Morse has worked as a part-time research fellow at the Acton Institute for the Study of Religion and Liberty, taught at Yale, and also served as a research fellow at Stanford University’s Hoover Institution.[5]

Morse founded the Ruth Institute in 2008 in San Marcos, California.[6] The Ruth Institute was an arm of the National Organization for Marriage (NOM)[7] for the promotion of heterosexual marriage, with a mission to "make marriage cool", and to promote the idea of lifelong, committed marriage.[8] Morse became "an official spokesman for Proposition 8",[9] a 2008 California ballot measure which amended the California Constitution with the sentence, "Only marriage between a man and a woman is valid or recognized in California."[10] (The initiative passed, but was overturned in federal court rulings.)[11] By November 1, 2013, the Ruth Institute declared independence from its affiliation with NOM.[12]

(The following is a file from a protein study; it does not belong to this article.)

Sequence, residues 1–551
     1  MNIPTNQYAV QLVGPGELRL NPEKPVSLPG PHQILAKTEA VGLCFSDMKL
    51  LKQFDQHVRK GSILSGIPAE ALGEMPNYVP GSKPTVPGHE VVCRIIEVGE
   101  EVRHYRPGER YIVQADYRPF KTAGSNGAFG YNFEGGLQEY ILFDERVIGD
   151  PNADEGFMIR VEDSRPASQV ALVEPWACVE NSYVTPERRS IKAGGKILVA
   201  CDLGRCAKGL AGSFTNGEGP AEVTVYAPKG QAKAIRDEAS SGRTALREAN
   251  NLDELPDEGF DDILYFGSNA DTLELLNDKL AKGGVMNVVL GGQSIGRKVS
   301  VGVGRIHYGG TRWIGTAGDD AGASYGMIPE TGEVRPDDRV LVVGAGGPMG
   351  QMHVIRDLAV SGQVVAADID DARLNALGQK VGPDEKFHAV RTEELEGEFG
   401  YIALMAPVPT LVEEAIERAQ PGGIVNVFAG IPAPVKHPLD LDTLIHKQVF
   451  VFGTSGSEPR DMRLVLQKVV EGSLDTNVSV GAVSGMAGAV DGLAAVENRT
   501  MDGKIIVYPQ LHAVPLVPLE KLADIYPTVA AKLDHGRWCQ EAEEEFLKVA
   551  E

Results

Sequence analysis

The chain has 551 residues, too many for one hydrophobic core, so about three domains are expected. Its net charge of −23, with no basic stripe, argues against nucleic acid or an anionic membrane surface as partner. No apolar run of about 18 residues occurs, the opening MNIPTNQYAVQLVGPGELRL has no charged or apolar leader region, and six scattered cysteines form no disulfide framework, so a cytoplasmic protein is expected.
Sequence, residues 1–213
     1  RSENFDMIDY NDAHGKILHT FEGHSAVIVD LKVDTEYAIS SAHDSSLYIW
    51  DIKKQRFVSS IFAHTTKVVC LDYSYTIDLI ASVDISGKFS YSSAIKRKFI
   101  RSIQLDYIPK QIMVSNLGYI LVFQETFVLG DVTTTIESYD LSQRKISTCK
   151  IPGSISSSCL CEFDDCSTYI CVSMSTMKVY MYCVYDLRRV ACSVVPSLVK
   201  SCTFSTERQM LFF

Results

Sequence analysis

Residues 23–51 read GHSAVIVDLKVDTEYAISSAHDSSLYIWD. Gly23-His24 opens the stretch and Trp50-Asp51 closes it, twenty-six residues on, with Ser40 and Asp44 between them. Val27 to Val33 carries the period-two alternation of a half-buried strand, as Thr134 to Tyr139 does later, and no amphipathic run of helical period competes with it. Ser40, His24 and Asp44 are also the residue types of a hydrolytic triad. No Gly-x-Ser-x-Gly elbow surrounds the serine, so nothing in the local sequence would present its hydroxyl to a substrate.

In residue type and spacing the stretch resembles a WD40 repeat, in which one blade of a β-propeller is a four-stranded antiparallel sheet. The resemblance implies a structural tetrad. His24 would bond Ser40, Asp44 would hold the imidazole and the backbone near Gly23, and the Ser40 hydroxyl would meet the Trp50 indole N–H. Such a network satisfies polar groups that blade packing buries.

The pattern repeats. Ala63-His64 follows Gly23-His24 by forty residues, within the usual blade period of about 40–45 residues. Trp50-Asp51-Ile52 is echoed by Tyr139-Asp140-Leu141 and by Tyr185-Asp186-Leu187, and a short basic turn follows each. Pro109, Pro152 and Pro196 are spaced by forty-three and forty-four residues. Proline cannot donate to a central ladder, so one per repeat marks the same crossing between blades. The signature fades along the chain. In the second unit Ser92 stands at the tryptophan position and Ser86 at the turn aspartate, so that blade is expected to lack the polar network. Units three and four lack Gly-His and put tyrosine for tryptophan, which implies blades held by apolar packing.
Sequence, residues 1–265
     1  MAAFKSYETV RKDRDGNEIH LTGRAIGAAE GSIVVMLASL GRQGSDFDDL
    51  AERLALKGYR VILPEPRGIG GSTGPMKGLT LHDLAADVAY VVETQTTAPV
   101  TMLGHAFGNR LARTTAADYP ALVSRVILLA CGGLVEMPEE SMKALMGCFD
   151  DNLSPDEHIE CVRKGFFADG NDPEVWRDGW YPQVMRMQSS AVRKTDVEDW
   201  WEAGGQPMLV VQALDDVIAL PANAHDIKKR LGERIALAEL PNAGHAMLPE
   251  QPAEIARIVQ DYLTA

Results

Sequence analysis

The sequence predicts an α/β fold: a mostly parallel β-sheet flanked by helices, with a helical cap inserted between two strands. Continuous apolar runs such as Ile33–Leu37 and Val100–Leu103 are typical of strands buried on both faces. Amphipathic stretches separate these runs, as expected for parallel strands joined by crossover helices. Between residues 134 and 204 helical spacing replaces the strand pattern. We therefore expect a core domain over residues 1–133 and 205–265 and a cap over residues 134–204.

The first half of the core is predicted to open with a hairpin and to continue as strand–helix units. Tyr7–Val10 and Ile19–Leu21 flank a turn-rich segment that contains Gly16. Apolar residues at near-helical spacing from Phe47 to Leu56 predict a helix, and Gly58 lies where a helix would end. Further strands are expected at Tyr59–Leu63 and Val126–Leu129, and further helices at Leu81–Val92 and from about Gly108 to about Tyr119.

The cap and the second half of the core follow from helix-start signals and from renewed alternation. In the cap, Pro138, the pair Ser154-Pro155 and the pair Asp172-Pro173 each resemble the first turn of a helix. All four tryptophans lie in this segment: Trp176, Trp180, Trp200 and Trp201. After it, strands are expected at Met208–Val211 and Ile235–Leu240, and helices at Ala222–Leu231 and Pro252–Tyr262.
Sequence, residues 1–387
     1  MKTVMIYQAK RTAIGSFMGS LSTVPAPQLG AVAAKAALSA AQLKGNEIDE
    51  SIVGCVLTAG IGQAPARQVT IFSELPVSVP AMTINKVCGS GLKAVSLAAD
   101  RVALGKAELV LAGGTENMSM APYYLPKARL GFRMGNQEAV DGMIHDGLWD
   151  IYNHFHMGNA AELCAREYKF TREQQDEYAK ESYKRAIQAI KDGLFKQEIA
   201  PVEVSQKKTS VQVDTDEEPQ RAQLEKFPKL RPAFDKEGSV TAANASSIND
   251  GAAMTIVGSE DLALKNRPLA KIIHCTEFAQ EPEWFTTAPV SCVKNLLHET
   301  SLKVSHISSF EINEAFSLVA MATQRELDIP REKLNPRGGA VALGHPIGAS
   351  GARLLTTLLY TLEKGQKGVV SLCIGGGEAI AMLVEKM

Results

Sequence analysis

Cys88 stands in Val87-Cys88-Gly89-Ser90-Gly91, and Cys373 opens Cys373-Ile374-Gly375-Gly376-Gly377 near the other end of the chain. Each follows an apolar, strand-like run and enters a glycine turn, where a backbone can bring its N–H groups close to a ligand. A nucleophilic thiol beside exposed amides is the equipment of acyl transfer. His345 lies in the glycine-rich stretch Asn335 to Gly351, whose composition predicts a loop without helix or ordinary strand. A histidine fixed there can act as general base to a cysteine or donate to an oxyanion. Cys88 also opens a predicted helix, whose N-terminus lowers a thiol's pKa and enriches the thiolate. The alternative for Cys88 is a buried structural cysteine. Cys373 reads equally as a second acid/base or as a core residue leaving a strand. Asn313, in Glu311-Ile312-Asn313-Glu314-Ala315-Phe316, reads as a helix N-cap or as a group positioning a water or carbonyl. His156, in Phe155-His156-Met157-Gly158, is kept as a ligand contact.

In 2013, the Ruth Institute was added to the Southern Poverty Law Center's "Hate Map", designating the institute as an anti-LGBT hate group.[13][14] Following publication of the Department of Justice Guidelines to Ensure the Civil Rights of Transgender Students in 2016, Morse responded with objections that the guidelines are "far-reaching" and "of questionable legality".[15] In 2017, Vanco (Global Cloud Xchange) stopped processing online payments for the Institute stating, "The organization has been flagged by Card Brands as being affiliated with a product/service that promotes hate, violence, harassment and/or abuse."[14]

Our Sunday Visitor named Morse one of nine 2013 Catholic Stars, leaders who "have renewed, encouraged and inspired in the Faith".[16][17]

Morse signed the 2017 Nashville Statement, affirming a complementarian view of gender and a traditionalist view of sexuality.[18][19]

Selected publications[edit]